Documenting the Birding Adventures of Scott Whittle
Tuesday, October 14, 2008
Timing is everything when it comes to finding birds. The difference between missing and seeing a rarity can be a matter of seconds, and a birding spot that is flush with warblers one day can be dried up the next. Likewise in a big year, being in the right area at the right time of year is important. I don't want to be upstate when a rarity shows up on Long Island, or visa versa. So this Sunday, when the migration activity seemed to be dying down, and with the weather not promising any immediate bird movement, I decided use the opportunity to take yet another "quick" trip to the Adirondacks.
I say quick because it's for one overnight, but there's nothing quick about the six hour drive it takes to get to Tupper Lake from Brooklyn. We left at 6am, and were out in the woods by 2pm, searching for the elusive Spruce Grouse. When we pulled up to the spot a grouse flushed immediately, but I could see by the color and the tail band it was Ruffed Grouse, a relatively common bird in the Adirondacks. Spruce Grouse, on the other hand, is one of the hardest birds to see in New York, evidenced by the fact that this was my fifth trip to this spot, the only "reliable" place to look for them. In my experience, grouse are unpredictable and hard to photograph in this area. Frequently the only look you get is when the bird exlodes out of the brush it was hiding in and flies away. Occasionally you get the other bird, the one that just stands there, six feet away, eyeballing you before it saunters off. The birds we had this time were definitely the former. The grouse we flushed was the only one we saw that day, so we were back at the same spot before daybreak the next morning in the hopes of finding a bird on the road. These birds sometimes dust themselves in the road, and some birds also eat sand or grit to help them digest their food. In any case, this are is privately owned, and we weren't allowed to walk anywhere but the road, so the road was where we looked. We didn't find anything else but some bear scat, and as we walked back a gorgeous full moon came up through the trees.
The next morning we we back before daybreak. We walked slowly, staying on the road margins to muffle our footsteps. We were about halfway through the area that Spruce Grouse have been seen, when a bird blew up about 10 feet to my right and flew directly away and down the road. I went for my camera and found that it was tangled up, and by the time I had it at ready the bird had settled back into the dense spruce forest. The bird was very dark if not black, and my impression was Spruce Grouse. My heart was racing, and now I made my next mistake. Rather than wait and hope the bird came back to the road, I walked down to the spot where I'd seen it go into the forest. Right as I got there, there was another explosion and the bird flew back into the woods, this time gone for good, without me seeing it again. Needless to say, I was a little frustrated, and pissed at myself for not having the camera up and ready while I walked. We had one more grouse along the road, and I had the camera ready this time, but it was a Ruffed.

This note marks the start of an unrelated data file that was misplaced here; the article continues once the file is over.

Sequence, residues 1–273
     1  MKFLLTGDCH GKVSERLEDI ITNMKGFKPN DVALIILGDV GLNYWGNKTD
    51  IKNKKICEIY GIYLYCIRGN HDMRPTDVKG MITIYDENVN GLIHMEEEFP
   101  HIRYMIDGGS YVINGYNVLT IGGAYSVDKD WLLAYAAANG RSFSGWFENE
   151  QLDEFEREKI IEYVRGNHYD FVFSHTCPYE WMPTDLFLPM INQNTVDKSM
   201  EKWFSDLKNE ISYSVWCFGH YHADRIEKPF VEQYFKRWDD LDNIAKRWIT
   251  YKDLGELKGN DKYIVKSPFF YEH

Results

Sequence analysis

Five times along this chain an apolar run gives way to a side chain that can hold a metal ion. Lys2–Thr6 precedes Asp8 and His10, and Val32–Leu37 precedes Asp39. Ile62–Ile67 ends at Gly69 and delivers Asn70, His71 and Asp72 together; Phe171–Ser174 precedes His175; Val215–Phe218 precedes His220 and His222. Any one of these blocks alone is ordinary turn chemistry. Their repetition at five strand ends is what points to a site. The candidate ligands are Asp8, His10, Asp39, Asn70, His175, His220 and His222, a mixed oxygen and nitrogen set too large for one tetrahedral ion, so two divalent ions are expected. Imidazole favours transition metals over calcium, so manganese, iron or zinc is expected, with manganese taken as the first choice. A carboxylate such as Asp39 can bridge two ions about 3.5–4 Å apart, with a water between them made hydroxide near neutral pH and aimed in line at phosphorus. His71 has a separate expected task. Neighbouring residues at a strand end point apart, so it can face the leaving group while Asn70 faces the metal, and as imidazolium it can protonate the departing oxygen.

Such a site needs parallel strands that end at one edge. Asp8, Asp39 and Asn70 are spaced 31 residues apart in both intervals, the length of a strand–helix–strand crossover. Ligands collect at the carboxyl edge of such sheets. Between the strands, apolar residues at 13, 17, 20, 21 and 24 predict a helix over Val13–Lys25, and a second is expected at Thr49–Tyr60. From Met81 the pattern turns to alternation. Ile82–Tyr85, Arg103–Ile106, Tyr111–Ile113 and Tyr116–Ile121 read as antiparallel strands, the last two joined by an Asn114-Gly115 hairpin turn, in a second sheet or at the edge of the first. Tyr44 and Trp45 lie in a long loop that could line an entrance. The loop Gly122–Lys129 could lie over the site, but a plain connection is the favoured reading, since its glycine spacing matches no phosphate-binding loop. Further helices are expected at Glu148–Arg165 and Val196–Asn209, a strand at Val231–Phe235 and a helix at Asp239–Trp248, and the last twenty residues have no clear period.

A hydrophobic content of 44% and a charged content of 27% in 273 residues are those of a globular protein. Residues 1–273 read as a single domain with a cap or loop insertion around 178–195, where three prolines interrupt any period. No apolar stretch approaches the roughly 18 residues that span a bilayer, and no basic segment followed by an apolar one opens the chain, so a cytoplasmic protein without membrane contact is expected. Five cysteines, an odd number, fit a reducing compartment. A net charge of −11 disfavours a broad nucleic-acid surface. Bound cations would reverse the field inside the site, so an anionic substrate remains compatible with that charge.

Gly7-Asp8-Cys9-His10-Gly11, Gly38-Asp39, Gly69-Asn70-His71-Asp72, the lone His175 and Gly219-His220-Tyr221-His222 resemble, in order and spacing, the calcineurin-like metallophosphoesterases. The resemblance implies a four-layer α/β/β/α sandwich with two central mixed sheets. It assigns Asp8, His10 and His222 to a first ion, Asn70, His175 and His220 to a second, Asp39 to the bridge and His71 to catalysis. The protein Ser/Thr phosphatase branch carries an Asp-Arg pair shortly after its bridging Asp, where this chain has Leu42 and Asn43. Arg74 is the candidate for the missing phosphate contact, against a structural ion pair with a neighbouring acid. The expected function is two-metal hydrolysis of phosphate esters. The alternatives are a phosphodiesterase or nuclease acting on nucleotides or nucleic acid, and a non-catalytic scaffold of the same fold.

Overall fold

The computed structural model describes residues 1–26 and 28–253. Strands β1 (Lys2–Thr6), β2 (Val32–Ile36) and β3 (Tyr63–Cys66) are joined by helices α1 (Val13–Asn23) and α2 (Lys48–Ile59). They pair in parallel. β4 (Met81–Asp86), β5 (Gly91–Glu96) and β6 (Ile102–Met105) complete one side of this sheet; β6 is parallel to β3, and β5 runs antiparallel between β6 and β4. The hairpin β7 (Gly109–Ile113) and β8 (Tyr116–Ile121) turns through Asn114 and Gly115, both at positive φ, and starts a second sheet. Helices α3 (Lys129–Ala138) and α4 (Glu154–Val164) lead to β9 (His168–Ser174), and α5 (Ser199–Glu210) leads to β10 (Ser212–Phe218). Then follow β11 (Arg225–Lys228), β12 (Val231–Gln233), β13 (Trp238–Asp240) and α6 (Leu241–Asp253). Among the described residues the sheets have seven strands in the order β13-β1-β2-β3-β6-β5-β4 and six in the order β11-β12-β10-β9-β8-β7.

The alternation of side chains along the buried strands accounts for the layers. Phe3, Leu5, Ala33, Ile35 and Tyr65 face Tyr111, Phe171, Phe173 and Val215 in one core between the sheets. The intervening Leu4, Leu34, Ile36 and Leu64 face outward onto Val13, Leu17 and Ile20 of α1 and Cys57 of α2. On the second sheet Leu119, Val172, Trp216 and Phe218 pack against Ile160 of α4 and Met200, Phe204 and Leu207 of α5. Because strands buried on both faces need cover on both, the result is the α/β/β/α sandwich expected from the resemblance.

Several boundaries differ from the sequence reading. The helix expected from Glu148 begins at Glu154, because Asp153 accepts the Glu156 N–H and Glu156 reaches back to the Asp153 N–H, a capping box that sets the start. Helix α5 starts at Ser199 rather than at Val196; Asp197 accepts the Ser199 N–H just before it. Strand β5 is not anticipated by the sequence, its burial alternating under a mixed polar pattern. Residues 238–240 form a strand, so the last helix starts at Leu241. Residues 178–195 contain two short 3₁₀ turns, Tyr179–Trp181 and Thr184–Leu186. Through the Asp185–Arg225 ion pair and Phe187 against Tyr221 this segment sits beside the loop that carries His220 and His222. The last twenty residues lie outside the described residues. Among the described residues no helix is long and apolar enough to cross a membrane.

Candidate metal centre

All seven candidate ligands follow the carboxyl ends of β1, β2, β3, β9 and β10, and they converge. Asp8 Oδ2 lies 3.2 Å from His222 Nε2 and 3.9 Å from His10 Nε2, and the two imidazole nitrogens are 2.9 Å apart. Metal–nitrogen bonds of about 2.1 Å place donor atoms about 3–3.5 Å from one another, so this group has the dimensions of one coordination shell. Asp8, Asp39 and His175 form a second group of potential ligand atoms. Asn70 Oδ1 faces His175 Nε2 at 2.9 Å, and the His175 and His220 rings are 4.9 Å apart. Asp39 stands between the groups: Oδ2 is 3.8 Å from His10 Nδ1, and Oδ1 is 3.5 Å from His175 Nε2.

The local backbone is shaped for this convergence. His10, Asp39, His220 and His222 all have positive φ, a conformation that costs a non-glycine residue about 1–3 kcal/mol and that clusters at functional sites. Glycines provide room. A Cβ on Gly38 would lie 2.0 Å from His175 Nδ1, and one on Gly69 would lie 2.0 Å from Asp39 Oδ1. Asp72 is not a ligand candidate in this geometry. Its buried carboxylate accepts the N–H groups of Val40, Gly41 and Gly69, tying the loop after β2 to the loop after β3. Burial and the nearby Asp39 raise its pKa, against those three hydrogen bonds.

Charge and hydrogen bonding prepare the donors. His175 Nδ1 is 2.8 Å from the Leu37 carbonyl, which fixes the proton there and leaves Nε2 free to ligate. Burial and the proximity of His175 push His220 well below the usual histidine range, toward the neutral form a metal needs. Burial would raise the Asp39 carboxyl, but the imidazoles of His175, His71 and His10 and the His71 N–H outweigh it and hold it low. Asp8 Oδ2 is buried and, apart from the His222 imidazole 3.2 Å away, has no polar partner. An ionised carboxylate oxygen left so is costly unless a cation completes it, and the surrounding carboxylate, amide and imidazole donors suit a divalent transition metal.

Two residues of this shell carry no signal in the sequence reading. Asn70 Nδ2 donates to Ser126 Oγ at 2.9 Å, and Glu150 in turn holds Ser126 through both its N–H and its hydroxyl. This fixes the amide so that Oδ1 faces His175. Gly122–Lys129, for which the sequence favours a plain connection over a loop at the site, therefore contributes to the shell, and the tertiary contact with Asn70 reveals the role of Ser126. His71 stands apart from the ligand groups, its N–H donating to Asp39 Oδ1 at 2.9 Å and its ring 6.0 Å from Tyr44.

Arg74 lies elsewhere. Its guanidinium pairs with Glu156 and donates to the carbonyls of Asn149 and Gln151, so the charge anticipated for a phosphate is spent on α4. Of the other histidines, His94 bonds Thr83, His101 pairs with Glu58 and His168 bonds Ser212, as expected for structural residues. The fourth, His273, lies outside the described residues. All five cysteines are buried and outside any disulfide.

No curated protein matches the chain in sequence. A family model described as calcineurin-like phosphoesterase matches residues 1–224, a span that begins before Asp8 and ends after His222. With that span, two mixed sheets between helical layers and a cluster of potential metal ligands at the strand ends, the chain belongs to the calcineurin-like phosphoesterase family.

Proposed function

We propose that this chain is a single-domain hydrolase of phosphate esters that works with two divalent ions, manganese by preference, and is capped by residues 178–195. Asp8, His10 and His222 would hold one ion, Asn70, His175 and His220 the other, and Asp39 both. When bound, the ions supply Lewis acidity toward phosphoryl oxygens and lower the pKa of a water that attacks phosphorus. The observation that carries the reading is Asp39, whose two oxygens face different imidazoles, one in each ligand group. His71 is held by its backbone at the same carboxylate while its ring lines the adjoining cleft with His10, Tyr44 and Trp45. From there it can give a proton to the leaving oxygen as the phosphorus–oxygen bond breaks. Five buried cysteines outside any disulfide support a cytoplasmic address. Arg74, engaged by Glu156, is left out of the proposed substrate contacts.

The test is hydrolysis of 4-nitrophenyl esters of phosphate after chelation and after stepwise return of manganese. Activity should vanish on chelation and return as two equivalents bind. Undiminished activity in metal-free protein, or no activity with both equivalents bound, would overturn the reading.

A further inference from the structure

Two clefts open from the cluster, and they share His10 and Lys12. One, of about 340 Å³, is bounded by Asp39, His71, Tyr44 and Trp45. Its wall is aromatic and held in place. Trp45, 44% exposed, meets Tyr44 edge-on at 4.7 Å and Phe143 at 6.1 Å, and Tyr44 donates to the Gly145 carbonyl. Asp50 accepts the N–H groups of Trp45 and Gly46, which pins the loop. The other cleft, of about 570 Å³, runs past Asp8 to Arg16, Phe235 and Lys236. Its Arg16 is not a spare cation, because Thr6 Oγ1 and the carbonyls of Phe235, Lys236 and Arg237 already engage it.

We were there for about four hours, and then headed back, with a stop at Ferds Bog. Ferds was lovely with the changing leaves, and we spent an hour there and got good looks at a pair of Black Backed Woodpeckers, as well as a couple of Gray Jays. The Three-Toed Woodpecker here has been known to associate with the Black Backs, but not today apparently. We headed back to Brooklyn and got home around nine. It was another beautiful trip to the Adirondacks--sans target birds, but beautiful nonetheless.
My name is Scott Whittle and I'm a professional photographer (www.scottwhittle.com). I have an MFA in Photography from the School of Visual Arts in New York City. I started birding as a teenager, and then dropped it for many years. I started to bird again in 2007, and have been birding since then in Brooklyn, NY and Cape May, NJ.